"Six or seven years ago, people were looking at the Midwest for an abundance of labor at cheap rates because we were just recovering from crises both in the agricultural economy and in industry," says Mark Seckman, vice president of project development for the Cedar Rapids Area Chamber of Commerce, in Cedar Rapids, Iowa, where the unemployment rate is about 2.3 percent. "We're not in that position anymore."

The labor dearth is particularly frustrating to the current generation of smallbusiness owners and operators, who, according to many observers, are the best entrepreneurs and managers ever. "A tremendous polarization is occurring," says David Birch. He is president of Cognetics Inc., an economic-research firm in Cambridge, Mass., and is a leading analyst ofthe dynamics of growing companies. "There's an enormous and growing pool of... people who are very capable of stalling and running businesses well," Birch says. "But they have no one to go to work for them."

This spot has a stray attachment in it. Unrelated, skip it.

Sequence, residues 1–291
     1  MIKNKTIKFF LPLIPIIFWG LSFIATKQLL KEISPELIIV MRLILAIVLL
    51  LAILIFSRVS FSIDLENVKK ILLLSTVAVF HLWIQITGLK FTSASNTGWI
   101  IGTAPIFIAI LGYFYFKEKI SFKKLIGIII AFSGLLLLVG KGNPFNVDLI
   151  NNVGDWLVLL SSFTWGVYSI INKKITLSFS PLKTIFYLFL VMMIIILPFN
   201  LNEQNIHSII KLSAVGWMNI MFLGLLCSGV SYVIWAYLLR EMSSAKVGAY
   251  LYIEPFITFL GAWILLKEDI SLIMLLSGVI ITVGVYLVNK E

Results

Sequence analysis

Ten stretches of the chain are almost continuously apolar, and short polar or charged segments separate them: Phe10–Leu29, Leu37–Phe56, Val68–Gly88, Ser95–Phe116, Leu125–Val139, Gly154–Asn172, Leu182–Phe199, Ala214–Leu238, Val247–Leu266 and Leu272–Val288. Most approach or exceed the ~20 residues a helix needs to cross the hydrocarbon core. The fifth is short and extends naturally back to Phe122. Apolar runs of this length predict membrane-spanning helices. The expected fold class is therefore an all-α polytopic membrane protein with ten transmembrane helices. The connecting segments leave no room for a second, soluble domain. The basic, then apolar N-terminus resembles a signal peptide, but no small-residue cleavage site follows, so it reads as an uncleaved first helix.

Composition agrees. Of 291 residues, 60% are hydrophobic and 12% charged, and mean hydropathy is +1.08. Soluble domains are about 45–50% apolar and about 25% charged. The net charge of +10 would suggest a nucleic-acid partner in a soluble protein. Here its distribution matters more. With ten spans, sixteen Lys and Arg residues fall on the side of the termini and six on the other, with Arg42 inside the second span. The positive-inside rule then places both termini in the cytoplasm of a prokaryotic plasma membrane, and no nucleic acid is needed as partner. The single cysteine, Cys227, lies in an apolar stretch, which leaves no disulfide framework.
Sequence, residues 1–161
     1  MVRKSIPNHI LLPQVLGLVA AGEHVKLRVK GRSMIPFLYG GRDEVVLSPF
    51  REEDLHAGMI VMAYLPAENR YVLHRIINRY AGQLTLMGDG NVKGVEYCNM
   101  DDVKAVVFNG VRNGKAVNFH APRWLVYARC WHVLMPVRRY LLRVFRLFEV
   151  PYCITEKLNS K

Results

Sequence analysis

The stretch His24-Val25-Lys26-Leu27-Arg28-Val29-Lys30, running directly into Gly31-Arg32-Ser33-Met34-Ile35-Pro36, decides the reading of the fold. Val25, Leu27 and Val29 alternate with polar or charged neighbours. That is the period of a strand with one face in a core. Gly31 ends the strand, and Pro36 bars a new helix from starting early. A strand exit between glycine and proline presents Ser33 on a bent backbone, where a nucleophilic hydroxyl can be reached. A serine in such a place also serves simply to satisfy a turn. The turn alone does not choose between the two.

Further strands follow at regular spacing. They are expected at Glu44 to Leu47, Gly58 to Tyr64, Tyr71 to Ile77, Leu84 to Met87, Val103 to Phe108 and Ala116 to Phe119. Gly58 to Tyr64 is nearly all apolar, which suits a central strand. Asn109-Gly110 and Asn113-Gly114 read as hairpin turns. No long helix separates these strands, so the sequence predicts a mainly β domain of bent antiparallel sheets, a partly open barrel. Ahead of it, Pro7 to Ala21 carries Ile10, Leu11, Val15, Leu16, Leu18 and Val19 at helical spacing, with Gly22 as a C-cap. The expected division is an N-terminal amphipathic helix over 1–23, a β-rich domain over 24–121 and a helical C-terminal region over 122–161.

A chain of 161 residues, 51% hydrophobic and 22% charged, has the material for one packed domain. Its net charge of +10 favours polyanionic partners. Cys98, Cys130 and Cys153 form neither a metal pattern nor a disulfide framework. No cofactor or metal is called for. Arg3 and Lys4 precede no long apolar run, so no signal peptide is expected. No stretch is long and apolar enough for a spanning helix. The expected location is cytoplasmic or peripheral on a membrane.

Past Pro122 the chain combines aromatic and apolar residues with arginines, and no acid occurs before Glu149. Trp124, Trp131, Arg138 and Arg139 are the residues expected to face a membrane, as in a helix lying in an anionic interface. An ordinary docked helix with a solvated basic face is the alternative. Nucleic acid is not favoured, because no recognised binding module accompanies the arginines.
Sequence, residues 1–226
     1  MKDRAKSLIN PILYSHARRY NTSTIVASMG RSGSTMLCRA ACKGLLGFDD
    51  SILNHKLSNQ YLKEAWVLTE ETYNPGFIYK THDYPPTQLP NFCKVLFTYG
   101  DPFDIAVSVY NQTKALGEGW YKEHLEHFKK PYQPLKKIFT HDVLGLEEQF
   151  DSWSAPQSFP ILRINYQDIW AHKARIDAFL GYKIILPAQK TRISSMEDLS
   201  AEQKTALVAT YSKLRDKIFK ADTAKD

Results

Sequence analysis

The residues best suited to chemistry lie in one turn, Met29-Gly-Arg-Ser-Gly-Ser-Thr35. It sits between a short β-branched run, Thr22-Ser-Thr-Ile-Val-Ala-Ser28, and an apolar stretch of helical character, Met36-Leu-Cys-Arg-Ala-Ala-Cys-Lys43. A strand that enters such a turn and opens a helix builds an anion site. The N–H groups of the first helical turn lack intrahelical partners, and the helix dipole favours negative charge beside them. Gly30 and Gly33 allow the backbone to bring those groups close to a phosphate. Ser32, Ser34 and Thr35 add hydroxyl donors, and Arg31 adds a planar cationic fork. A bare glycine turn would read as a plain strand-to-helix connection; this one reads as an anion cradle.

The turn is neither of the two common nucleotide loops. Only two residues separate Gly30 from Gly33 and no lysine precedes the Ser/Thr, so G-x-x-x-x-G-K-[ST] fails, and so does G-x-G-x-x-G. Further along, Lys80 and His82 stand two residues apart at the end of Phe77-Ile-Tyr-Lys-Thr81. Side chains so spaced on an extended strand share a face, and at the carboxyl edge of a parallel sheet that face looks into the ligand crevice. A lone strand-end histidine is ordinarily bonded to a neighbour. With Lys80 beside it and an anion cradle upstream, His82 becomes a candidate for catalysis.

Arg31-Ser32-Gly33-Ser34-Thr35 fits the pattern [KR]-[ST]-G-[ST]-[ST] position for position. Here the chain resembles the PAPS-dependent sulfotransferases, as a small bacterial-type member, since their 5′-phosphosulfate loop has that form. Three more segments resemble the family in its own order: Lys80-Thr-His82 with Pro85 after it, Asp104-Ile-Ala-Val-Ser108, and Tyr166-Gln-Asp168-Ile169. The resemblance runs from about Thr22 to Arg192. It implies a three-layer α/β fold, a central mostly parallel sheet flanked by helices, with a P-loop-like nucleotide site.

The shortage is serious enough to hold back the growth of many small companies. Last summer, for instance, an impatient customer stripped Cardinal Kitchens Inc. of a $50,000 contract after a scarcity of semiskilled workers prevented the company for weeks from manufacturing counter tops for a Louisville, Ky., school that was under construction for a fall opening. "We pulled practically anyone off the street that we could find, but they just wouldn't stay on," says Chuck O'Koon, owner and president of Louisville-based Cardinal. "They'd call in sick, they'd say they had to take their mother to the doctor—they'd give any old excuse."